Cleveland Cliffs and United Steelworkers reach tentative 4-year labor contract
Cleveland Cliffs and the United Steelworkers (USW) have reached a tentative agreement for a four year labor contract that would cover 1,800 union workers, officials announced late Sunday.
If ratified by local union shops, the tentative contract would cover USW workers at Cleveland Cliffs operations in both Minnesota and Michigan.
The operations include the United Taconite mine and plant in Eveleth and Forbes, Minn., Hibbing Taconite operations in Hibbing, and at Cliffs Tilden and Empire mines in Michigan. (Cliffs owns a third, nonunion iron-ore mine in Minnesota called Northshore Mining.)
In a statement, Cliffs officials said, Cliffs acknowledges the sacrifices of our members during recent tough times and now that the industry is prospering, looks to give its dedicated workforce its fair share.
In a statement CEO Lourenco Goncalves said, We are pleased to reach a new labor contract that is fair and equitable to both parties, and provides Cliffs a competitive cost structure for future success. This agreement once again reinforces that we have more in common with the USW than we have differences, and we look forward to continuing our strong partnership.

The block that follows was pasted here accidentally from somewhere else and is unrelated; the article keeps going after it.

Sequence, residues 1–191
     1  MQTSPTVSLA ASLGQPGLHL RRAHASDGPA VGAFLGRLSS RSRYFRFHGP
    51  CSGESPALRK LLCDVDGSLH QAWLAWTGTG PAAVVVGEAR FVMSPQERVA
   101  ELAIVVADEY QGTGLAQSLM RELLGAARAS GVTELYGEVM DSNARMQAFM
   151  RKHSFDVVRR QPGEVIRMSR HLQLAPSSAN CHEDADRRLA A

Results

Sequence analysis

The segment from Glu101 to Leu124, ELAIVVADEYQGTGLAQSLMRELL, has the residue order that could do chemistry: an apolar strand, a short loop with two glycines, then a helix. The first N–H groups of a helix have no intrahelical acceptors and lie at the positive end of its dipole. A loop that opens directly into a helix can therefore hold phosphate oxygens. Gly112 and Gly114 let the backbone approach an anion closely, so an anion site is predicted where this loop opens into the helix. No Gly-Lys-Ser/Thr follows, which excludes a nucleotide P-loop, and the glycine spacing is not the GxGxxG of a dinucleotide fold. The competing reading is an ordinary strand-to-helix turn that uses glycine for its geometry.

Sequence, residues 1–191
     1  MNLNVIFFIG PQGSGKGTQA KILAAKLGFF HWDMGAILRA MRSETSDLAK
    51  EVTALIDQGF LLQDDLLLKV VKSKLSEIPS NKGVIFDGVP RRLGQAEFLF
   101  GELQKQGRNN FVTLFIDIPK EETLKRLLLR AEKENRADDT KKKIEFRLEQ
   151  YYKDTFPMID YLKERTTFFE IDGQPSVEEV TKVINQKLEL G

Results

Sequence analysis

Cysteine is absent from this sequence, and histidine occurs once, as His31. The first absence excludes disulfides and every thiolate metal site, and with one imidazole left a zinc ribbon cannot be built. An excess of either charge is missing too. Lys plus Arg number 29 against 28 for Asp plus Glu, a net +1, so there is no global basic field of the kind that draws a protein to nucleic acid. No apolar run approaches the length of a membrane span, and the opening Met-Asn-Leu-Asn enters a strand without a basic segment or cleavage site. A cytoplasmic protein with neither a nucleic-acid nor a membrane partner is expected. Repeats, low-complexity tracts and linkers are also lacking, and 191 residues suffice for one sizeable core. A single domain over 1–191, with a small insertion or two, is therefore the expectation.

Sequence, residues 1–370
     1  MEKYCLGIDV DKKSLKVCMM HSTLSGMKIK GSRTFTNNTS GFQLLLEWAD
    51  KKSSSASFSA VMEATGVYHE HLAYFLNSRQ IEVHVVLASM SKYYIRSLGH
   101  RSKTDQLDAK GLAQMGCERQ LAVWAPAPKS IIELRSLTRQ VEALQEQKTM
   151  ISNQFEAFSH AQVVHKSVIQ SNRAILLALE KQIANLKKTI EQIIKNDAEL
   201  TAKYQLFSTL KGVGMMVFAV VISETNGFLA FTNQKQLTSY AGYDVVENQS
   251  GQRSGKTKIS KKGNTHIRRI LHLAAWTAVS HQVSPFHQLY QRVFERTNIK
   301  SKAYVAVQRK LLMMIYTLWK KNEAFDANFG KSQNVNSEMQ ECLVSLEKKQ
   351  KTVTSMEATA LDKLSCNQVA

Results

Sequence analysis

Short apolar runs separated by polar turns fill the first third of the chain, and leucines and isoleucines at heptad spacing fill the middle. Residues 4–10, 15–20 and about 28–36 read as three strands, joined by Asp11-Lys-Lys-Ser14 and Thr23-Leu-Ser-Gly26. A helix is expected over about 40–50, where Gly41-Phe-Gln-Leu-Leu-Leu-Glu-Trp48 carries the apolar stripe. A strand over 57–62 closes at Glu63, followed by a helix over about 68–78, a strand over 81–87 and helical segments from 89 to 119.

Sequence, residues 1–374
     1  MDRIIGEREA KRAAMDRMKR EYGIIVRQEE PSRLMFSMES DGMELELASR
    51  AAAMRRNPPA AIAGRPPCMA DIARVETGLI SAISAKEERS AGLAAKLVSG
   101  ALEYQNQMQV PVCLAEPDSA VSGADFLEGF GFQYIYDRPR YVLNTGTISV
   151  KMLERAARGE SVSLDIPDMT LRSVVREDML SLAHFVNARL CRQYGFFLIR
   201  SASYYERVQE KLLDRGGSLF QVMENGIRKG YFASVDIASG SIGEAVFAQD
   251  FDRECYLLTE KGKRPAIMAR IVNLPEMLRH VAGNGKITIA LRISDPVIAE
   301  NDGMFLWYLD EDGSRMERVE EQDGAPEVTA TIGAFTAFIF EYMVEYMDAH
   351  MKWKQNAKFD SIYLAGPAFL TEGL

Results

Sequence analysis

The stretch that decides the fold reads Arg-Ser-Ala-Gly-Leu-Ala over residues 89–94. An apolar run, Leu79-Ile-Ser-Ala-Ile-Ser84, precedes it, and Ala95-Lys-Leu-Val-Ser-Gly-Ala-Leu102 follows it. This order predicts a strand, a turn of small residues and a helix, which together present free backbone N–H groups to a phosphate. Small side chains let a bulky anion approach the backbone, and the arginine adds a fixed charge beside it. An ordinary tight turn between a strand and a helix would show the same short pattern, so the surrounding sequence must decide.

The new labor agreement comes after a tough restructuring in which a once downtrodden Cliffs sold off its Asian-Pacific ore interests as well as coal plants across the United States.
The remaining Cliffs is smaller but profitable and focusing on iron ore operations in Minnesota and Michigan.
Labor negotiations are ongoing for two other concerns with large ore-mining and taconite-pelletizing operations on Minnesotas Iron Range.
Tumultuous USW negotiations continue for ArcelorMittal, which owns the ArcelorMittal Minorca mine in Virginia. Talks also continue for U.S. Steel, which owns the Keetac mine and plant in Keewatin and the Minntac plant and mine in Mountain Iron.
Nationwide, USW talks with Arcelor and U.S. Steel cover tens of thousands of workers, including roughly 1,100 in Minnesota.
If ratified, the settling of a Cliffs labor contract will be welcome news to state officials who have been rattled by Cliffs ongoing and unrelated disputes with the state and Mesabi Metallics efforts to revive the former Essar Steel Minnesota operation in Nashwauk.
Cliffs has been embroiled in a number of lawsuits, in which it sued the Minnesota Department of Natural Resources, Mesabi Metallics and its predecessors regarding mining permits and leases. Some litigation is still making its way through the court system.
Dee DePass 612-673-7725